The Factotum’s Secret Voice

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Author (in-game): Lector Tidras Dran

By Lector Tidras Dran, Clockwork Apostle

Even in this shrine to knowledge and blasphemous inquiry, some subjects remain taboo. I spent all my long years as a Clockwork Apostle pushing against those boundaries – desperate to see our order truly live its creed: inquiry without limits. In most cases, I endured little more than sighs and grumbles from my superiors. But one topic in particular earns me forceful and genuine condemnation: my exploration of the factotum’s inner voice.

The order’s relationship with fabricants and factotums has always been prickly. On one hand, we must understand some critical aspects of these creatures’ make-up. Their nature and materials informed the creation of our own enhancements. The synthesis of flesh and engineering remains one of our greatest achievements and most enduring traditions. However, delving too deep into the creatures’ subroutines and manufacture starts to look less and less like inquiry, and more and more like hubris. Lifting Sotha Sil’s skirts, as it were.

For my part, I have always been endlessly fascinated by the factotum’s voice and behavior. While the factotums perform multitudinous different tasks, they remain linked by their appearance, voice, and confusing (some would say “troubling”) verbal artifacts.

When exodromals meet a factotum for the first time, they often ask, “whose voice is that?” Truthfully, no one knows (aside for Lord Seht, of course.) I’ve spent countless days in the Archivox researching Lord Seht’s past. I even got special dispensation to visit the Mnemonic Planisphere once. I’m confident that the truth of the factotum’s voice lies somewhere in Lord Seht’s personal history.

Most apostles avoid talking about it, with some notable exceptions, (my friend, Associate Zanon, for example.) If engaged privately, however, apostles will offer one of three major theories. Some believe the voice is that of Sotha Sil’s mother. Others think it’s the voice of a lost lover. Then, still others (myself included) believe it’s the voice of Sotha Sil’s sister.

The first and most compelling piece of evidence can be found in the Elegiac Replication – a personal memorial of sorts that Lord Seht built in the Radius long ago. One of the memorial plaques refers to a “Sotha Nall.” It states that this Sotha Nall possessed a “soul that deserved transcendence” – implying a life beyond natural limitations. Nall’s face bears a clear resemblance to that of the Clockwork God, indicating that she was a close family member. Her garb does not appear matronly, and her posture does not conform to any psycho-artistic trends that would indicate motherly affection. Additionally, I’ve seen more than a few references to the fact that Sotha Sil was not an only child. Taken together, I think this makes a clear case for Sotha Nall as sister.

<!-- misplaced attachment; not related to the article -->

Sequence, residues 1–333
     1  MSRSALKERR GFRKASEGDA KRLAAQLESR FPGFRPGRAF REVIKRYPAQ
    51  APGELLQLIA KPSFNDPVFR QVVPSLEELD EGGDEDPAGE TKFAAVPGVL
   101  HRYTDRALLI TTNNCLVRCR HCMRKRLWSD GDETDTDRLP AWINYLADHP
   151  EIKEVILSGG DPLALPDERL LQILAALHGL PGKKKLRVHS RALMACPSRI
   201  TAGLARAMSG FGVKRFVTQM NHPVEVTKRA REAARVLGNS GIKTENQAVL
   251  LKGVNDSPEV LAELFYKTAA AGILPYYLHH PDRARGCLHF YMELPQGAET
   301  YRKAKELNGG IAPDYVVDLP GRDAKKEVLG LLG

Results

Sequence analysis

Naturally, this leads to all kinds of uncomfortable questions about what a soul’s “transcendence” means in this context. Does some aspect of Nall’s animus exist inside the brass laborers we find all over the city? I would say “no” if not for the verbal artifacts.

When faced with a query that requires higher cognition, factotums often recite a non sequitur in two parts – brief statements that have a loose connection to one another but no discernible connection to the larger conversation. These non sequiturs (also known as “verbal artifacts”) tend to be simple recitations of household “scenes.” They refer to overturned pots, rain on glass, boots by the fire, and so on. Occasionally they stray into more personal terrain, like the complexion of an old woman’s hands, or the sound of someone weeping. Then, once in a very great while, they will say something genuinely troubling statements like “burning beds – screaming” or “collapsed roof – crushed child.” Factotums that say things like that tend to be recalled to the Pneumatic Forge in short order and taken out of circulation indefinitely. But this of course begs the question: where are these verbal artifacts coming from? Are they Sotha Nall’s memories? Or some vital sub-function that enhances empathic responses to the concerns of living residents? Though it pains me to consider it, I believe the evidence points to the former rather than the latter. As everyone knows, the False Prince called Mehrunes Dagon, destroyed Sotha Sil’s ancestral home of Ald Sotha when our lord was still a youth – leaving him as the sole survivor. Scenes of fire and death may well have been Sotha Nall’s final and most traumatic memories.

I hope it’s not true. I hope all these various observations are the product of simple coincidence. But, as scholars, we must acknowledge the possibility that these machines have a deeper and more troubling history than we realize. As I said before, I take my role as an iconoclast seriously. But In this case, perhaps it’s best if we never know the truth.

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